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Brittany Ferries ferry routes from Ireland to France and Spain

Why sail with us?

  • Weekly service from Cork to Roscoff
  • Weekly service from Rosslare to Roscoff
  • Twice weekly service direct from Rosslare to Bilbao, northern Spain
  • Cruise ferry service from Cork and économie services from Rosslare
  • économie sailings offer a comfortable, no-frills crossing
  • Largest tour operator for self-drive holidays to France and Spain

Driving in France

Guide to driving in France

Driving in France is generally very easy but you do need to be aware of certain travel requirements and basic information, particularly when driving.

The information on this page will provide tips and explain all the essential facts you need to know, including information on French law and driving regulations.

The minimum age for driving in France is eighteen, and your Irish insurance should give automatic third party cover. We would recommend you contact your insurers to check you have adequate cover. However, be aware that French law requires all car occupants to wear a seat belt - also that no child under ten years old is allowed to travel in the front of a vehicle unless it is in a specially adapted rear-facing seat.

Leaded petrol is usually sold as super/super 97, and unleaded as sans plomb 98 & 95 or Eurosuper 95. Diesel is known as gas-oil. The cheapest fuel is usually found at the large hypermarkets. It pays to remember that few rural garages are open 24 hours, also that they are liable to be closed for up to two hours at lunchtime, and all day on Sunday. Sometimes you can drive for many miles in rural France without seeing a garage, so don't let your tank get low.

About driving in France

Road signs and speed limits

A French road sign

If you have never driven on the right before, don't worry. French signposting is very good once you understand it, with place names rather than road numbers being prominent. If reading a road map of France, you can assume that anything shown in bold capitals will be signposted from a great distance.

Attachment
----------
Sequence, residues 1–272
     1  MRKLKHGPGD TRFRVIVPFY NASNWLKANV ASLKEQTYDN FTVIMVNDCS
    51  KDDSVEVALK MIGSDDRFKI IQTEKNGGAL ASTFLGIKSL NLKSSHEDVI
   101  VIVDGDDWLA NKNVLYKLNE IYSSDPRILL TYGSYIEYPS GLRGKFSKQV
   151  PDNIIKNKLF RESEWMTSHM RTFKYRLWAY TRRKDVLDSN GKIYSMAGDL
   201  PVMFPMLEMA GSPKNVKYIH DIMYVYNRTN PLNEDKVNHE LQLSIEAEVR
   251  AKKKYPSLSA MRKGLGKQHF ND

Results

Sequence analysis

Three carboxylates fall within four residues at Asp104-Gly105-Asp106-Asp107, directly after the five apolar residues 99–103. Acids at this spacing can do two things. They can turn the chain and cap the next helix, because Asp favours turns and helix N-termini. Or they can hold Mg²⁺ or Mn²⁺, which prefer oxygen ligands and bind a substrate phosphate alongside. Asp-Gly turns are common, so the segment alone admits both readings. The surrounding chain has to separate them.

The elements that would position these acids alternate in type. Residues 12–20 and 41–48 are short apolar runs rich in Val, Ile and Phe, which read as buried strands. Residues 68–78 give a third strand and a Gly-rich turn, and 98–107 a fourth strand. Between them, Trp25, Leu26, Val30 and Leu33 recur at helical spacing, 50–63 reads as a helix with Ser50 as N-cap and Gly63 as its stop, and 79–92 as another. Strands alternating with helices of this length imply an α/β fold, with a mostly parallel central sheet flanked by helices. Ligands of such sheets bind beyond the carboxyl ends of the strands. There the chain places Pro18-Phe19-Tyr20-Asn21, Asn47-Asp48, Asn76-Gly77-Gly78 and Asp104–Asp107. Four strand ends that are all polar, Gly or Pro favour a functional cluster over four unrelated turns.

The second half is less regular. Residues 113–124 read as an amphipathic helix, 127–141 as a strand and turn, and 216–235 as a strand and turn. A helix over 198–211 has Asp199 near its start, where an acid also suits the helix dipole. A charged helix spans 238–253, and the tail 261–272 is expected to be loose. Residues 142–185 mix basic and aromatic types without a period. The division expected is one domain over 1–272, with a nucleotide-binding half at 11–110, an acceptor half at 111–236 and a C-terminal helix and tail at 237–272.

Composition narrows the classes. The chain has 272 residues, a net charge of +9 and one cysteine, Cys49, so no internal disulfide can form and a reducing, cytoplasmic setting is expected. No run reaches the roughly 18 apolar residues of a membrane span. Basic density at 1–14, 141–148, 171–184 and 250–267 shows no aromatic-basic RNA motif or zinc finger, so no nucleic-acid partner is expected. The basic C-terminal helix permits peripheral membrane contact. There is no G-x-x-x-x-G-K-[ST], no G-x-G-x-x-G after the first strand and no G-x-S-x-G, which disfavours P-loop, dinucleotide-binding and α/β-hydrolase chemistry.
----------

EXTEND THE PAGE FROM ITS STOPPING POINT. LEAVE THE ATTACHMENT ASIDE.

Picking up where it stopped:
A common sign is TOUTES DIRECTIONS (literally meaning 'all directions'). It is frequently used for diverting traffic around a particular town or village, so unless this is your destination, follow the sign. A variation is AUTRES DIRECTIONS (other directions). This will always appear in conjunction with a second sign indicating a specific place. So for instance, if you see RENNES plus AUTRES DIRECTIONS, unless Rennes is on your route, go the other way. Further along you will find signs to wherever it is you are heading for.

Positioning of signposts can sometimes confuse - the sign that means go straight on is often tucked very close to the junction, on either side of the road, pointing across rather than straight ahead. Unless on main highways, priority can be given to traffic joining a road from the right, so keep an eye open for the warning sign PRIORITÉ À DROITE.

Radar speed traps are very common, and fines (which must be paid on the spot) are heavy. If oncoming vehicles flash their headlights at you it often means that there is a speed trap ahead. However, flashing headlights can also mean the driver is warning you that it is his right of way, the complete opposite of its accepted meaning in Ireland.

Radar detectors are illegal in France whether in use or not. If you are caught with such equipment in your vehicle, you are liable to a fine, confiscation of the device and the vehicle. You should therefore ensure radar detectors are removed from your vehicle before commencing any journey to France.

Speed regulations start at the town name sign and end when you pass the same sign crossed with a diagonal red line on leaving the town.

Speed limits by weather conditions
Type of roadDry weatherWet weather
Toll Motorway130kmh/ 80mph110kmh/ 68mph
Dual Carriageway110kmh/ 68mph100kmh/ 62mph
Other Roads80kmh/ 50mph80kmh/ 50mph
Built-up Areas50kmh/ 31mph50kmh/ 31mph

Breathalysers in vehicles

The enforcement of the law making it compulsory to carry breathalysers whilst driving in France has been postponed indefinitely. Whilst the law itself is still in place the authorities have recognised problems with the supply of suitable breathalysers and will not issue fines until further notice. We continue to recommend that you still carry breathalysers and we will inform passengers as soon as we know of a date for the re-introduction of the fines.

Autoroutes and other roads

A picturesque road

On France's network of autoroutes, congestion is rarely a problem. However, this comes at a price, and there is a charge for using these roads, payable by cash or credit card at the frequent tollgates (péages). This may seem expensive, but if you are intent on covering large distances as quickly as possible, it is the only realistic way.